Toothpaste is considered, together with the toothbrush, as the single most important way to promote good dental health; and to prevent the majority of the most predominant dental issues that someone can face.
Toothpaste’s abrasive qualities clean the teeth, in turn preventing the build-up of plaque, as well as providing a whole host of other dental and oral hygiene benefits.
Here’s the only toothpaste guide you’ll ever need: where toothpaste has come from, what it’s used for, what to look out for, in addition to an outline of the different types of toothpastes for specialised dental needs.
The History Of Toothpaste
As far back as 5000 BC, Ancient Egyptians used a tooth powder – which combined powdered ox hooves, myrrh and burnt eggshells, amongst other things – to clean their teeth. Over time, Western civilisations iterated on that recipe, while similar innovations cropped up in Asia and the Middle East.
Hydrogen peroxide and baking soda-based pastes first appeared towards the end of the 19th century. By the 1950s, fluoride had been successfully added, and modern toothpastes as we know them hit the shelves.
But why did we ever need these powders, and later pastes, in the first place? Wasn’t brushing a good enough defence on its own?
The Purpose Of Toothpaste
While it is true that brushing your teeth without toothpaste can go some of the way towards breaking down and preventing plaque build-up; that’s just one part of the equation. Toothpastes hold many important purposes in good dental care.
These are just some of the many applications of toothpaste:
- It’s an abrasive that removes plaque and food build-up from the teeth
- Delivers ingredients such as fluoride to combat tooth decay and gum disease such as gingivitis
- Can assist with the suppression of halitosis
These benefits are just the ones that come from most simple toothpastes. There’s an entire world of specialised toothpastes, which take the guesswork out of treating a diverse set of dental and dental hygiene-related issues.
What To Look For When Selecting A Toothpaste
First thing’s first though: identifying the non-negotiable “must-haves” that need to be present in every toothpaste.
All good toothpastes will have:
- Fluoride: this one is absolutely key. It’s far and away the most important, because the fluoride fights tooth decay by strengthening the enamel of your teeth over time
- A clinical seal of acceptance: your toothpaste needs to certifiably be considered a toothpaste by a governing body, in order to ensure that you’re getting a product that will clean your teeth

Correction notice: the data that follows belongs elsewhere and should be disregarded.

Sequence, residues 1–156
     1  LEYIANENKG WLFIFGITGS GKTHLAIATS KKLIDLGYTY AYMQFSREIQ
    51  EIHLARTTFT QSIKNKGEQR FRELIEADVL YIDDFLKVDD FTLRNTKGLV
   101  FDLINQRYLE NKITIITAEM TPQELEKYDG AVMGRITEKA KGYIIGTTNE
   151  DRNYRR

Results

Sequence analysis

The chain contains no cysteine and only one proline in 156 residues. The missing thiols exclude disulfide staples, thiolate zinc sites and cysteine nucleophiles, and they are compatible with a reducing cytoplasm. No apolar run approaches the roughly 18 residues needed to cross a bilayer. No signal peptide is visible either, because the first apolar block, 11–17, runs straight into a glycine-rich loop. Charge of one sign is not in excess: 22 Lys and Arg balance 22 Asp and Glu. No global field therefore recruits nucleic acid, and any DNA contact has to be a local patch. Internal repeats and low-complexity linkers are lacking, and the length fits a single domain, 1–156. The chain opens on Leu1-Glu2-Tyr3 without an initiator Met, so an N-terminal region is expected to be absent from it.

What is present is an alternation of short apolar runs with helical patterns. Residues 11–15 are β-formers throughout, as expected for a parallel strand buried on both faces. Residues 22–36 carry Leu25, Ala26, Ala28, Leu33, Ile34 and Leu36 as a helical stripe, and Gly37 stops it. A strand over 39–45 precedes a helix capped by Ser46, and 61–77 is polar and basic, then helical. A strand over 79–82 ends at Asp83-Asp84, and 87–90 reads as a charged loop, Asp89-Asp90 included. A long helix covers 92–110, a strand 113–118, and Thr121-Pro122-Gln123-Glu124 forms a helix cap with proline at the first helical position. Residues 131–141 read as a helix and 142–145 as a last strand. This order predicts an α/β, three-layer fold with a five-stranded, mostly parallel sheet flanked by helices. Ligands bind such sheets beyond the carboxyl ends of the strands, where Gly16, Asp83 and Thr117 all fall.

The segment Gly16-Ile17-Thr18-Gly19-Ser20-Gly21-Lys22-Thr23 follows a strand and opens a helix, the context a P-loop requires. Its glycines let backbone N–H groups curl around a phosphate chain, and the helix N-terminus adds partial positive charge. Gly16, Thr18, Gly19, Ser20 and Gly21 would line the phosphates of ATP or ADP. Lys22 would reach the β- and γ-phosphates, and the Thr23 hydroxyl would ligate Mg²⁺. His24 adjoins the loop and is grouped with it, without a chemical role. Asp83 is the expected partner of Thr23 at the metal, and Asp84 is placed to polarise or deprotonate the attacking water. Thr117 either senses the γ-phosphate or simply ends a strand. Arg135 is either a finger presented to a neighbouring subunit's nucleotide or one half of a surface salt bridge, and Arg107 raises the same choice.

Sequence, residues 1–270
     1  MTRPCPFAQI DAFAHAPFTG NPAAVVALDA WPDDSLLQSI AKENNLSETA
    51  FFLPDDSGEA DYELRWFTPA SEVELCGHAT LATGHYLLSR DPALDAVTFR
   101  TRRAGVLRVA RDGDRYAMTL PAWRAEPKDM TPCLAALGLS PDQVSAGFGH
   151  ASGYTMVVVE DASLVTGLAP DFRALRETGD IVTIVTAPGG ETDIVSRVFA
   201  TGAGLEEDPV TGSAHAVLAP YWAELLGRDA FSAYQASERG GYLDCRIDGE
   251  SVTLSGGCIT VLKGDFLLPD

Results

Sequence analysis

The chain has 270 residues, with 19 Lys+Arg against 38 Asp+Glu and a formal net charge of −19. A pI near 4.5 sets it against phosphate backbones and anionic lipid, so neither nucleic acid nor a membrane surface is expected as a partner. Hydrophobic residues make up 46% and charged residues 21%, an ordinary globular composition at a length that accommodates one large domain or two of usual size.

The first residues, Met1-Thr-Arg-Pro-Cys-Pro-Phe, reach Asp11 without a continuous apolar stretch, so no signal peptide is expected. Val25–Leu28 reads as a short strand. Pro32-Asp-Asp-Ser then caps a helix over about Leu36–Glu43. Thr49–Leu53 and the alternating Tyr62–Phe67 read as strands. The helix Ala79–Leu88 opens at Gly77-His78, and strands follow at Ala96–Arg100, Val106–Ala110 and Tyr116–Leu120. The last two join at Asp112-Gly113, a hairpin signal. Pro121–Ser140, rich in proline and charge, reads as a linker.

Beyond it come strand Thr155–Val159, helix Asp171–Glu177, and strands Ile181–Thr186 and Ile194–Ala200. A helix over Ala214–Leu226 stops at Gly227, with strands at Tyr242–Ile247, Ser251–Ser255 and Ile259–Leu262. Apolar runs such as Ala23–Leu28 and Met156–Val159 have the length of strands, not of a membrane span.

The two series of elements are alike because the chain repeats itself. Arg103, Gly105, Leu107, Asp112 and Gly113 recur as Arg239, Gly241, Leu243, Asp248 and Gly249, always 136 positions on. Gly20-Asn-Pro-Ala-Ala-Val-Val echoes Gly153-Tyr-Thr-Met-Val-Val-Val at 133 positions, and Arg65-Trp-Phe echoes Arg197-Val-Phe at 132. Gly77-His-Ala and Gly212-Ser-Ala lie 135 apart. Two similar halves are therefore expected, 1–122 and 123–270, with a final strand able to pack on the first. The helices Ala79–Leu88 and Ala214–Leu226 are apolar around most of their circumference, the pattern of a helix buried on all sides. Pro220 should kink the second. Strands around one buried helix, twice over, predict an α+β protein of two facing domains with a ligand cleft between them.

- A great taste: because seriously, life is too short to brush your teeth with a bad-tasting toothpaste!
If you’re using a toothpaste regularly that has all three of these things, then you can be assured of a dental future largely free of complication.
All that having been said, another one of the fantastic (and at time confusing!) benefits of toothpaste are their versatility. Many different variants exist, each of which cater to one or many different problems.
One such variant is children’s toothpastes. For the most part, children’s toothpastes aren’t paid attention to. That’s mainly due to the fact that children and adults have nearly identical needs from their toothpastes. However, tooth decay is an increasingly important issue among children.
It’s hard to convince kids to sit still and brush their teeth, so often, a toothpaste with bright packaging or a unique taste is just what’s needed to get them to get brushing.
Another common specialised toothpaste is toothpaste for sensitive teeth. These toothpastes – which are gentle on gum and teeth – are a very popular choice for those who struggle to eat and consume common things such as ice-cream and hot drinks.
Although teeth-whitening toothpastes can only do so much, they do have some degree of teeth-whitening effectiveness. That’s because they contain specifically designed abrasives to polish teeth to a greater extent than typical toothpastes.
The final common type of specialised toothpaste is known as tartar control toothpaste. Tartar is the term for plaque which has hardened over time. It’s stubborn and hard to get rid of. Even though tartar control toothpastes cannot completely resolve issues with tartar, they’re a good place to start for those with large build-ups.
Unsure which toothpaste is for you? Do you want to know how you or your family could benefit from a specific dental care plan? Get in touch with dhealth Dentistry today. We’re here to help.
Contact dhealth Dentistry TodayContacting dhealth Dentistry in Melbourne couldn’t be easier. You can:
- Call us on 03 9882 6938
- Email us at firstname.lastname@example.org
- Pop in and see us at 257 Camberwell Road, Camberwell, Melbourne